PEERs Climate Survey: A Promising Practice for Comparing the Experiences of Diverse Groups of Students Within and Between Academic Departments

The Promoting Equity in Engineering Relationships (PEERs) project at the University of Washington (UW) aimed to improve the experiences of underrepresented undergraduates in the College of Engineering. PEERs integrated NSF-funded efforts to engage a cadre of students, professors, and staff to create positive change toward a more inclusive environment in the College of Engineering, particularly for women, racial/ethnic minorities, and individuals with disabilities.

UW-IT's Captioning Project: A Promising Practice in Setting up a Captioning Project on a College Campus

Many videos on campuses are captioned only as an accommodation for a person who is deaf or hard of hearing, even though they benefit many others, including English language learners, those with reading-related disabilities, and individuals who simply want to see the spelling of words spoken in the presentation. The University of Washington’s UW-IT Free Captioning Project was developed as an effort to promote proactive captioning of videos on campus.

Cornell Tech Course on Interaction Techniques: A Promising Practice in Normalizing Disability in a Technical Course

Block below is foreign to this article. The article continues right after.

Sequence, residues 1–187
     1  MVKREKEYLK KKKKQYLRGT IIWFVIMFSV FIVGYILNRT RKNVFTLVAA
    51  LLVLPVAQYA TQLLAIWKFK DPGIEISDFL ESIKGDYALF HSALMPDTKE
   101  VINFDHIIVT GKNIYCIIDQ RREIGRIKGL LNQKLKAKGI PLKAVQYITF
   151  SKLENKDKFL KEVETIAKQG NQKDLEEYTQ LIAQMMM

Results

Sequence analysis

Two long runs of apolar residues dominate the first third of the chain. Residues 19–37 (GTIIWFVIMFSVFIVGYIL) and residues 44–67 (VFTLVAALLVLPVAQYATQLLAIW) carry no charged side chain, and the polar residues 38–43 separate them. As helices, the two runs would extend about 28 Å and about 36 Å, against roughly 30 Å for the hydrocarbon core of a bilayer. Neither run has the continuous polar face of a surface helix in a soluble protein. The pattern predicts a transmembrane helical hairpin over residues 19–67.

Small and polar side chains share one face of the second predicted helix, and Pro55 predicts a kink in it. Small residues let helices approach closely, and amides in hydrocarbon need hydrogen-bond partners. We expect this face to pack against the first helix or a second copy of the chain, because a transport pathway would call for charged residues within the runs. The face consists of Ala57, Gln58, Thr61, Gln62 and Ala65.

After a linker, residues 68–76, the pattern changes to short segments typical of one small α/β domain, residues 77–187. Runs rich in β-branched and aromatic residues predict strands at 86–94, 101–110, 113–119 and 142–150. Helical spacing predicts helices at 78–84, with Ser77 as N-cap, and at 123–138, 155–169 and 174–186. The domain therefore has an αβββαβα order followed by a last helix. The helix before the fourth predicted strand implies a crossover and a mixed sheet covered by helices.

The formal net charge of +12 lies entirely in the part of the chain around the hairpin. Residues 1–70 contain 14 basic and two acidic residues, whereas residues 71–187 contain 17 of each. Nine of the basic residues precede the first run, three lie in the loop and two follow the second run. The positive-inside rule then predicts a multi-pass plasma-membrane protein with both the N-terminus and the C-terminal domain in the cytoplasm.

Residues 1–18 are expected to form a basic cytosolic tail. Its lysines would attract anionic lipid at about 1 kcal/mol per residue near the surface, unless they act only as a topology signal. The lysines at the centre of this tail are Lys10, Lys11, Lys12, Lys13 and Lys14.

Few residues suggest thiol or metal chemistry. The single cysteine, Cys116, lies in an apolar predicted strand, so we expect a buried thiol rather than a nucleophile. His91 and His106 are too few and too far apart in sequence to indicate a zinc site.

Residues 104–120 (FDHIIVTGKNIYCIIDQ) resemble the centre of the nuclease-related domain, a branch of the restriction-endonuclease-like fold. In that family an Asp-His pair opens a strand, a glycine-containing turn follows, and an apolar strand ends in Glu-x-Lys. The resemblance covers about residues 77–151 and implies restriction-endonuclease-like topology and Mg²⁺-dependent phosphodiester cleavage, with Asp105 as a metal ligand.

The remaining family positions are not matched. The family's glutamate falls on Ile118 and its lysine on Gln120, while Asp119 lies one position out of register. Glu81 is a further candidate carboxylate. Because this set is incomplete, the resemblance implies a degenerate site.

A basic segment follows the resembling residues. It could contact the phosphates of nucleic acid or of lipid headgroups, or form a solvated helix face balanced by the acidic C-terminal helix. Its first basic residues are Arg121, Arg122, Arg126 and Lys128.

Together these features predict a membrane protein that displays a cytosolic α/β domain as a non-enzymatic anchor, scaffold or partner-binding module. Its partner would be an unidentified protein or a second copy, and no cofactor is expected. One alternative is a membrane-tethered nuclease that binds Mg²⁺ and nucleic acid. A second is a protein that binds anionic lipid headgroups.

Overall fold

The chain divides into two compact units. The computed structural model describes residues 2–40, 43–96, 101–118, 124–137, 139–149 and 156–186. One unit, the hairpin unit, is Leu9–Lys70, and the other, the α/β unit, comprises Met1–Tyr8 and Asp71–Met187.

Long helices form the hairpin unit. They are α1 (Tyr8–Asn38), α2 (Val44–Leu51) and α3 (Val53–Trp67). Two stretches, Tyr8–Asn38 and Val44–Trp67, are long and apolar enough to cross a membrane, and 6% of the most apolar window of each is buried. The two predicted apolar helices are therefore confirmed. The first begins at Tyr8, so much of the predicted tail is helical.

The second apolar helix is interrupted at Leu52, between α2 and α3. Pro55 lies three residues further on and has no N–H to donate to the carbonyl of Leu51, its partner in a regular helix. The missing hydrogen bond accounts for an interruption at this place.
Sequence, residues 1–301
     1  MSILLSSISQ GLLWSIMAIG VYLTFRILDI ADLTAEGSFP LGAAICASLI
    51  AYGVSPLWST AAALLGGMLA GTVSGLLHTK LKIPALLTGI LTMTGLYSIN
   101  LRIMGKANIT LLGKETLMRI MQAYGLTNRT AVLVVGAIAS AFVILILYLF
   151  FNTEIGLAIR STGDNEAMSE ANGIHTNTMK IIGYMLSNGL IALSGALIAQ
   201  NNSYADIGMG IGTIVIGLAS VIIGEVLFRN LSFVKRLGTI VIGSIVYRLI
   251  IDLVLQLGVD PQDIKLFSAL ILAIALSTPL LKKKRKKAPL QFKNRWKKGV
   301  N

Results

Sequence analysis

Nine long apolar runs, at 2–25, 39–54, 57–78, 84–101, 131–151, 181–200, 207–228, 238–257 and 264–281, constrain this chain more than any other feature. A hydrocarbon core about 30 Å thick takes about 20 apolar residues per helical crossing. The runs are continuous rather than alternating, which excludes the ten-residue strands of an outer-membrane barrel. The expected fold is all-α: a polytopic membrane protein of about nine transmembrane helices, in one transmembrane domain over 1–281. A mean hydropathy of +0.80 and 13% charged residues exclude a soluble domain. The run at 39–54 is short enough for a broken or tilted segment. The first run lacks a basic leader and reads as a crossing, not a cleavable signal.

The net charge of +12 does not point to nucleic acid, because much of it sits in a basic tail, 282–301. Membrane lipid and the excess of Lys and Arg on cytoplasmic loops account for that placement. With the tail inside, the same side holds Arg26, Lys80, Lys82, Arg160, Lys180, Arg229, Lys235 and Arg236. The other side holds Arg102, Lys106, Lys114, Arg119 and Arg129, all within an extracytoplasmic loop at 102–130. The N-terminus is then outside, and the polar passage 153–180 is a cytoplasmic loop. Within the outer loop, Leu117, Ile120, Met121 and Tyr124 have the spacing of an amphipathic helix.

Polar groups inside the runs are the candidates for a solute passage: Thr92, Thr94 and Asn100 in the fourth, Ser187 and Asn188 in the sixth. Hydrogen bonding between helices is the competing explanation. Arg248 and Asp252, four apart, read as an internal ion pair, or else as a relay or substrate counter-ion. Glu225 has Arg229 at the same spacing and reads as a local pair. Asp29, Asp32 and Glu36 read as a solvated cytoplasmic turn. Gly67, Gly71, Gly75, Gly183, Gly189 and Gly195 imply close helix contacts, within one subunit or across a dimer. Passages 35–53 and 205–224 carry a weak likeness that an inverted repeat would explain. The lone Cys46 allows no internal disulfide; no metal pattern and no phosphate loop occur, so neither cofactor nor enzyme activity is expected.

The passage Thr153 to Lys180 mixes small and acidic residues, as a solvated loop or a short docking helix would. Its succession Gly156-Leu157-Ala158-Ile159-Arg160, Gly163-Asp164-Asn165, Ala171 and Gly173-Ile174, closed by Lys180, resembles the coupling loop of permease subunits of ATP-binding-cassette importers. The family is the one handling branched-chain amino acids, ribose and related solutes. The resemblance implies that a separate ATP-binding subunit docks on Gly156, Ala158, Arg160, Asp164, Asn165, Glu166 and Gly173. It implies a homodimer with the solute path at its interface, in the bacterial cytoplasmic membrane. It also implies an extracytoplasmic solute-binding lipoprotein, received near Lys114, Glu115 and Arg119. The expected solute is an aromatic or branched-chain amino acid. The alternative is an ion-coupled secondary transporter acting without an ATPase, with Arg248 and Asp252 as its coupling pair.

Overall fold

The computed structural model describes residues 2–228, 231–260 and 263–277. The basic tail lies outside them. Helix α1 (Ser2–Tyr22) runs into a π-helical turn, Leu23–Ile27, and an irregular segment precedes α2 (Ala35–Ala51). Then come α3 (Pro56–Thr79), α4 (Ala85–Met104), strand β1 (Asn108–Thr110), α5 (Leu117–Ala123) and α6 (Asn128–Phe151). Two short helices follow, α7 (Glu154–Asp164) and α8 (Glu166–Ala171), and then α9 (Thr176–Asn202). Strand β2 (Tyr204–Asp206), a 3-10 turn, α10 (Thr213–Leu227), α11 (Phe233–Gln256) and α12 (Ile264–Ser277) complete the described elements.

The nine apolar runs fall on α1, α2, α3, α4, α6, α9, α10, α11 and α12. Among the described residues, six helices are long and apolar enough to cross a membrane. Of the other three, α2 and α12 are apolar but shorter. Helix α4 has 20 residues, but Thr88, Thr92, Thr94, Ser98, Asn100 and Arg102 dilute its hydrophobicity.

Shiri Azenkot at Cornell Tech teaches a class on interaction techniques (e.g., text entry and scroll bars). When designing the course, she considered her constraints (time, curriculum requirements, and expectations) and how her course might compare to similar courses across institutions. Rather than including accessibility in the course with an “accessibility lecture,” where she covered everything about accessibility in one short lecture, Shiri chose to integrate disability throughout the course.

Making Design Reviews Accessible to Deaf and Hard-of-Hearing Participants: A Promising Practice in Engineering Education

Design reviews are a common part of engineering education practice. In design reviews, students or student teams present their work to their classmates, instructors, and sometimes a panel of users or external experts for feedback and commentary. This practice gains formative feedback from multiple perspectives on a student’s project to ultimately strengthen both the project and the student’s communication and technical skills as engineers.